If it’s been a while, I recommend first scraping off what you can before you add any liquid. This is gross, but I came back from a trip once to find that my dog had been using my wool rug as the emergency toilet. Before I did anything to the rug, I got a dustpan and scraped the solid parts off to avoid rubbing them in with my steam cleaner.
My next step is to use a steam cleaner, if it’s a tough spill or stain. I have a small handheld one like this handheld steam cleaner. They make larger ones, but this one is small enough to store (without having a second vacuum). I use Resolve carpet cleaner, which I’ve found doesn’t damage my rugs. If it’s a more minor spill you can just blot it up with a dry cloth and use Resolve spray without the steam cleaner.
Best Pad For Wool Rugs
It’s a good idea to invest in a carpet pad. A good carpet pad can be worth a lot. It can really make your rug have an even softer cushion feel when you step down. The best rug pads I have found are at Overstock. They are more expensive than the cheapest non-skid rug pads, but they make your rug feel more expensive. Even a thin cotton rug feels better with a nice thick pad under it.
Read more about rug pads and why they matter.
Since wool rugs are one of the more expensive types of rugs, there is one way to cheat and get the look of wool without spending a fortune. Your best option may be to layer a wool rug on top of another less expensive rug. I have a small 5×7 wool rug in my sons bedroom, but it’s not really big enough for the room. The room needs a 9×12. If you buy a less expensive large rug, you can layer a smaller more luxurious wool rug on top.
This is a great post that explains how to layer rugs. Here’s an example from Overstock.com where they have layered a more luxurious wool rug on top of a low pile acrylic rug.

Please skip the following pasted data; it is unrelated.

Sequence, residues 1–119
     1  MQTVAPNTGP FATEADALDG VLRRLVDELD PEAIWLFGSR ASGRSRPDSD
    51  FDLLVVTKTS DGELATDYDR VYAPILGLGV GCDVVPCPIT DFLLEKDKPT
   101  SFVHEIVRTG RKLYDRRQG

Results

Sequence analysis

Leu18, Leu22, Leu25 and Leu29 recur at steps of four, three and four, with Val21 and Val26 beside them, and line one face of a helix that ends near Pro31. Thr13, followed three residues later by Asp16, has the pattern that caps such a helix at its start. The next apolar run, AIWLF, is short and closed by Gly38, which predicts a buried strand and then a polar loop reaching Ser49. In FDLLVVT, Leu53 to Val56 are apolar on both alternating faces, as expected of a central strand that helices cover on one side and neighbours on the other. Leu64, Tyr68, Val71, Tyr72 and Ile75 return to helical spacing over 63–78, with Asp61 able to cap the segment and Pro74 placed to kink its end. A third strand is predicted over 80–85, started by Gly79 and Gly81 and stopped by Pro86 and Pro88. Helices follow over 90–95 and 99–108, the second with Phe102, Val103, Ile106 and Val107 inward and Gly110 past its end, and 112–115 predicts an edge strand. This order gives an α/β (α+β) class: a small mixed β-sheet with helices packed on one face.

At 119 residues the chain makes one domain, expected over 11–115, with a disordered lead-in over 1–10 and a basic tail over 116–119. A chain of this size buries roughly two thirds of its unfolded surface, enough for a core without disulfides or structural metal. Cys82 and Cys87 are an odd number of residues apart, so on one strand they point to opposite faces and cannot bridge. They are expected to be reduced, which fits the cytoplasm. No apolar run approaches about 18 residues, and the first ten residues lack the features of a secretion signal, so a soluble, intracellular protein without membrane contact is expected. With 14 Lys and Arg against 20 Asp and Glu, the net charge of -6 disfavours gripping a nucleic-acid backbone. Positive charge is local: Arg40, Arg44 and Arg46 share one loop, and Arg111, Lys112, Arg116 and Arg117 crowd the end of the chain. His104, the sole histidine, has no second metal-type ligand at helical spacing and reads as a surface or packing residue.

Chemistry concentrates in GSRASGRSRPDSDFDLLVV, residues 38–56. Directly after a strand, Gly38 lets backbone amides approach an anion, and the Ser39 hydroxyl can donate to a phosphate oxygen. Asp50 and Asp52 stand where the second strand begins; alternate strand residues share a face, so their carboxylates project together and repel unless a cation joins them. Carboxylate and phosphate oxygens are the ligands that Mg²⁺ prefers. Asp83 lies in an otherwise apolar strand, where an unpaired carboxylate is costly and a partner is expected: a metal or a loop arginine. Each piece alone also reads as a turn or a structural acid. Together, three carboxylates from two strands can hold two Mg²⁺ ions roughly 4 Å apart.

- Overstock wool rug is only $278 for a 9×12.
- Rug on top is a more expensive wool, because it’s hand knotted.
Argument For Wool Rugs
I love wool area rugs. They are a great choice in the right place. They are a large investment but are an excellent choice especially in the bedroom and living room. I think the advantages far outweigh the disadvantages of wool. They are easy to maintain with just regular vacuuming and with stand up to years of use. I don’t use one in my dining room yet, but I will keep you posted. I think they are worth the price because they feel so nice to step on and they last.
Before you go, if you enjoyed this you might want to read Polypropylene Rugs vs Wool: Which one is right for you?
You left out two huge disadvantages of wool rugs:
1. Tufted wool rugs often shed like crazy, and many never stop shedding. I just got rid of a wool rug that always left its colored fibers in my vacuum cleaner container every single time I vacuumed it. I see numerous complaints about this on Wayfair and other furniture sites as well.
2. If you ever get a case making or web clothing moth infestation in your home and you have a wool rug, they are going to make a beeline for it and use it as their breeding ground. And it is very hard to completely eradicate them from a wool rug. That is another reason why I disposed of my wool rug and replaced it with a synthetic one. No matter how much I vacuumed, cleaned, and used traps, some eggs apparently were still in it somewhere over the winter and then they hatched with the warmer spring weather. Now that I’ve gotten rid of the wool rug, the pad, and wiped my living room floor down a vinegar and water solution, the moths are now gone.
They can also be extremely expensive, especially if you get a hand-knotted one.
Thanks for this perspective. I’ve never experienced shedding with my any wool rugs. Maybe it depends on the weave? I do have one hand knotted one that doesn’t shed at all. As for the moths, I’ve never had this experience either. We do have a few moths but those sticky traps have always kept them under control for us.